Burning Down The House
This book views domesticity through multiple frames and surveys the rhetoric and practices of domestication in contemporary cultures. It also examines the consequences and costs of homemaking in various geographic and textual locations.
Table of Contents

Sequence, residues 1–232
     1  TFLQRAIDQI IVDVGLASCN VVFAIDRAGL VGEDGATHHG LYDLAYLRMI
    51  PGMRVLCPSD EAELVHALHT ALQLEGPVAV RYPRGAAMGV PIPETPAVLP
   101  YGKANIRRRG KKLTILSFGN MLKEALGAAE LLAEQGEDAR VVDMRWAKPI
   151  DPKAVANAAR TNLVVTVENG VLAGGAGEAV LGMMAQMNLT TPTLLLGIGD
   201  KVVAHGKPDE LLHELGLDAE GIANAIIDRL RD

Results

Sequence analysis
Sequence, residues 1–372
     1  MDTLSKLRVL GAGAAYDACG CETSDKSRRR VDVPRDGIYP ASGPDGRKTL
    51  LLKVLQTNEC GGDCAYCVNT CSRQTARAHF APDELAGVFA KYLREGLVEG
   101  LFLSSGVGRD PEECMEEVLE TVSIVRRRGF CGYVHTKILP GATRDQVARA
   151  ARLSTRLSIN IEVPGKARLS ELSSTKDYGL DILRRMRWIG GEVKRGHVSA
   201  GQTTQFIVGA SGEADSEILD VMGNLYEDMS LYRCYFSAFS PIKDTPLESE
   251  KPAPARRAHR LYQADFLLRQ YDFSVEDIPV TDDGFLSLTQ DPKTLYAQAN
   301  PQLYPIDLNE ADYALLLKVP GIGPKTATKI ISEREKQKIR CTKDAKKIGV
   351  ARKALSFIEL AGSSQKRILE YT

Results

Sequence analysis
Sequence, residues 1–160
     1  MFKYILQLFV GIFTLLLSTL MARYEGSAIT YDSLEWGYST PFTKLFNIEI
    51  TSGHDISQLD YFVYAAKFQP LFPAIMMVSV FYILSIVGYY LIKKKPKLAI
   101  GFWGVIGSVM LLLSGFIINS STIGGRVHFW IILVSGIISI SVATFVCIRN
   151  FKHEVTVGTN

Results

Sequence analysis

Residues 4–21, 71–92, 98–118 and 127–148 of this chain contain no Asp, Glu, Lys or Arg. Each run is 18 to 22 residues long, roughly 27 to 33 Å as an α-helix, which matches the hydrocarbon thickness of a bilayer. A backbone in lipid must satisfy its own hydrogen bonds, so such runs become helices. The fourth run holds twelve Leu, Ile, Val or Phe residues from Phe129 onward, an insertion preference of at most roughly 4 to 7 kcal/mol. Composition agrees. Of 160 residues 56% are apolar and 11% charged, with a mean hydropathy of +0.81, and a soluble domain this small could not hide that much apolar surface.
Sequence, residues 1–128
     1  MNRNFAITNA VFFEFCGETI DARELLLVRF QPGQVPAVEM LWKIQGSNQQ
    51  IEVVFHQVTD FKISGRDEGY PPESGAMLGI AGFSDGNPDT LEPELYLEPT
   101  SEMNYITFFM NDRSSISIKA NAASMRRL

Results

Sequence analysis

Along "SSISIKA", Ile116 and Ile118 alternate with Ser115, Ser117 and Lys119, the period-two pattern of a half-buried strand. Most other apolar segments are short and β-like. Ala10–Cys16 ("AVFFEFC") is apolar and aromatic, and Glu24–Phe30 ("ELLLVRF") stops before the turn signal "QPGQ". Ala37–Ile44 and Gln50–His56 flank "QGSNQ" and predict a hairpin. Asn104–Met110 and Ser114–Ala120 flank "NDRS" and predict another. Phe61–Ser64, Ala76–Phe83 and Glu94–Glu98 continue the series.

1. Recycling: Long Routes to and from Domestic Fixes Part One: On the Road: Nations, Empires, Texts, Homes 2. Why Daughters Die: The Racial Logic of American Sentimentalism 3. Homes in the Empire, Empires in the Home 4. Modernism and Domesticity: From Conrad's Eastern Road to Stein's Empty Spaces in the Home 5. Homo-Economics: Queer Sexualities in a Transnational Frame Part Two: Domesticity: Redrawing Urban Space 6. Reconstructed Identity: Spatial Change and Adaptation in a Greek-Macedonian Refugee Neighborhood Counterparts: Dubliners, Masculinity, and Temperance Nationalism 7. Repetition and Unhousing in Nawal El-Saadawi 8. Fast Capital, Race, Modernity, and the Monster House Part Three: Nostalgia, Modernity, and Other Domestic Fictions 9. Dishing Up Dixie: Recycling the Old South in the Early-Twentieth-Century Domestic Ideal 10. Domestic Renovations: The Marriage Plot, the Lodging House, and Lesbian Desire in Pauline Hopkins's Contending Forces 11. "Homesick for Those Memories": The Gendering of Historical Memory in Women's Narratives of the Vietnam War 12. Domesticity and the Demon Mother: A Review Essay of Sorts Part Four: Bringing Down the House: Dreaming, Revising, Burning 13. Feminists Are Modern; Families Are Indian: Women's Magazines and the Politics of Modernity 14. In a Neighborhood of Another Colar: Latina/Latino Struggles for Home 15. Home, Houses, Nonidentity: Paris Is Burning 16. The Squat, the Tearoom, the Urn, and the Designer Bathroom: Citing Home in Ken Loach' s Riff Raff